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Breeding Aspidoras sp. C125

Adrian W Taylor

ne day as I was visiting a local store, out of the corner of my eye I spotted two little fish swimming vigorously up and down one corner of the tank, so I decided that a better examination was called for. When I peered into the tank all I could see was two little Aspidoras. I could not determine as to what their sex may be, as they were on the smallish side but I took the chance that the behaviour I had noticed earlier and continued to observe, which was mainly that the smaller of the two was pursuing the other larger one, was an indication that they may possibly be of different sex. As there were only the two left, I went ahead and purchased them both

Aspidoras sp. C125 

Upon arriving home I placed them in a ‘hospital’ tank measuring 25cm x 17cm x 17cm., the water being mature tank water
with a PH of neutral 7. The filter was a small air powered sponge filter, the temperature of the water was kept at 24°C and the fish were fed twice daily. In the morning they got a small amount of pre soaked flake food and in the evening (about ½ an hour before lights out) a feeding of newly hatched brine shrimp. I also did a 20% water change every morning using water that was at room temperature.

The fish were quarantined for ten days and as they showed no signs of disease were moved into a tank that contained a couple of pairs of Skiffia Multipunctata livebearers. The tank measured 50cm x 29cm x 19cm and had a sand substrate and filtered by a air powered small corner box filter, the air flow was on what I would describe as being neither too slow or too fast. I fed them one day on newly hatched brine shrimp and flake, and the next day on newly hatched brine shrimp and grindall worm and so on. On average I did 15% water changes probably six out of seven days. Into one corner of the tank I placed a woolen breeding mop.

Over the next couple of months around a dozen eggs were found on an average of every ten days, but these always (no matter what I did) fungused up. This led me to believe that maybe the fish were too young to be fertile, so I decreased the amount of water changes I did to 5% daily and 30% on the seventh day.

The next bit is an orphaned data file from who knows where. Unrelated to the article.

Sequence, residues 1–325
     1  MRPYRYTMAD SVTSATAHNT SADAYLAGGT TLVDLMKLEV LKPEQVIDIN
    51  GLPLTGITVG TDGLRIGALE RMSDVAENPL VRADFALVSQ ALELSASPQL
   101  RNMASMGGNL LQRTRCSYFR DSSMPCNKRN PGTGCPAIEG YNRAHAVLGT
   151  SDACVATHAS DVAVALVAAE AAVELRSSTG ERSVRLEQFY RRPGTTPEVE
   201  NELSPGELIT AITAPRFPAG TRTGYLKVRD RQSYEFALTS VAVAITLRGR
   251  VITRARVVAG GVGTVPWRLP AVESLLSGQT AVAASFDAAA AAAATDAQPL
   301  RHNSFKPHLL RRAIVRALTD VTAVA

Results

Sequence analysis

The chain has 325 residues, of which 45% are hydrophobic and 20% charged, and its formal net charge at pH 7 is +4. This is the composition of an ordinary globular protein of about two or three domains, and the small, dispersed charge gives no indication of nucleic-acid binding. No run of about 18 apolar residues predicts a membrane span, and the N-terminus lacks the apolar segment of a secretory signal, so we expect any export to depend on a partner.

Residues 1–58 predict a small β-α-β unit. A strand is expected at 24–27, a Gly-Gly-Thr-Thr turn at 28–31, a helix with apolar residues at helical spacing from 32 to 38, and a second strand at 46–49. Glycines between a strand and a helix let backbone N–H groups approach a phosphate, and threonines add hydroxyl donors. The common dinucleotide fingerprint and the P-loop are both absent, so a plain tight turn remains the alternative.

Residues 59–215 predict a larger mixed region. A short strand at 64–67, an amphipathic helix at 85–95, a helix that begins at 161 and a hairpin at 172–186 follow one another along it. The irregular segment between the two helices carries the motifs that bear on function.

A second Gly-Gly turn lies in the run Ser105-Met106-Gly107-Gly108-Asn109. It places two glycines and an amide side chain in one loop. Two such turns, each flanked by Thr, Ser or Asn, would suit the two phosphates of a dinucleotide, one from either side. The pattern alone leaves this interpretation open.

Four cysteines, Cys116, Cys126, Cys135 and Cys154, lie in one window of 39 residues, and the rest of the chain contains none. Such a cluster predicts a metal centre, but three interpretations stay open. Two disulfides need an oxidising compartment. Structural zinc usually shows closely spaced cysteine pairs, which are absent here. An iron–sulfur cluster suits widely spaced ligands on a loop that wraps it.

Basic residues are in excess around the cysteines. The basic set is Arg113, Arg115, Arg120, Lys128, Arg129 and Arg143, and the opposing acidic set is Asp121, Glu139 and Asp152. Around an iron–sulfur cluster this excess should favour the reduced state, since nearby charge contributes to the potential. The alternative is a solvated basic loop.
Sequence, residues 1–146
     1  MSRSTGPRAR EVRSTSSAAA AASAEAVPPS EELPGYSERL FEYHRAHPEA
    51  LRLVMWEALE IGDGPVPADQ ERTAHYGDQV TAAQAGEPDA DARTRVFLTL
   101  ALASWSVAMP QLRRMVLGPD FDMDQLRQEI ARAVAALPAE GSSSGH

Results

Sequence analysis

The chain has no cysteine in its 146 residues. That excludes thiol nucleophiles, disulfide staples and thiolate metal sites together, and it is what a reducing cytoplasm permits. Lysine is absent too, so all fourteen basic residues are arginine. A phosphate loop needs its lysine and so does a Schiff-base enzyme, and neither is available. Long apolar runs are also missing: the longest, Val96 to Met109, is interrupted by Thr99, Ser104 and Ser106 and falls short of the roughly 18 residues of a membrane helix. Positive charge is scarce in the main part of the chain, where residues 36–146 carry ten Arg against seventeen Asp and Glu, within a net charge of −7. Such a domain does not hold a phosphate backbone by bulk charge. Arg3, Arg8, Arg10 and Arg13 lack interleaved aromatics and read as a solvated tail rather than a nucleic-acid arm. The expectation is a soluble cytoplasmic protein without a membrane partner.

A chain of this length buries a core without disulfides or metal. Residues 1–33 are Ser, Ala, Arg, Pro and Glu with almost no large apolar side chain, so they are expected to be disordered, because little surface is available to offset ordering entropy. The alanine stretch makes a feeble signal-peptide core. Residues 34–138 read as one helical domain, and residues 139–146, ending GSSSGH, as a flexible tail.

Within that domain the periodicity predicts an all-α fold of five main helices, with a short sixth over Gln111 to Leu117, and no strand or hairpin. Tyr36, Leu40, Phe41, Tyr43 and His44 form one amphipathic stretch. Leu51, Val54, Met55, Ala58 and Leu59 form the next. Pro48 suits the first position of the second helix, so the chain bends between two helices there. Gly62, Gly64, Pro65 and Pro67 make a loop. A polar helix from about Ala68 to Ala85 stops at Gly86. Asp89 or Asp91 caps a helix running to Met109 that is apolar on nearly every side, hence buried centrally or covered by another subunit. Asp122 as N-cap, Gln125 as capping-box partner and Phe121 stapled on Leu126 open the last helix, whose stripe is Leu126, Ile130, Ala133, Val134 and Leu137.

Aspidoras sp. C125  = fry

After a couple of months of this the fish had grown with the ‘female’ measuring 30mm and the ‘male’ measuring 25mm and
so I decided to try again. This time I carried out 10% every day, with on the seventh day doing a 30% water change. Every time I carried out a water change the temperature of the water dropped to 22°C. After eight days the fish spawned and 23 eggs were collected from within the spawning mop and that part of the glass that the mop was pressed up against. These eggs were put into a small plastic container and an air stone added, the next day a further 9 eggs was collected from the same area and there were no signs that the Skiffia had been eating, or trying to eat the eggs. The eggs took around 30 hours to hatch. After a further day the fry no longer carried their yolk sacs, and the fry were then added to a small tank that was filtered using a small air operated sponge filter, and had very similar water measurements as to the tank they had been spawned in.

The water conditions at the time just prior to spawning (these fish have only spawned during night time) were:- Temp 22°C, PH 6.5,GH 3°, KH 3°, nitrates nil, & nitrite nil.

Aspidoras sp. C125  = fry

The first food that was offered to the fry was green water, taken from an outside source and on the days following were fed a mixture of micro worm and soaked flake food, and on the fifth day I started feeding them newly hatched brine shrimp and microworms. With this type of feeding I always do a daily water change of 20%.

Photo Credits: Adrian W.Taylor
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                                                                                                        Article updated = December 19, 2018
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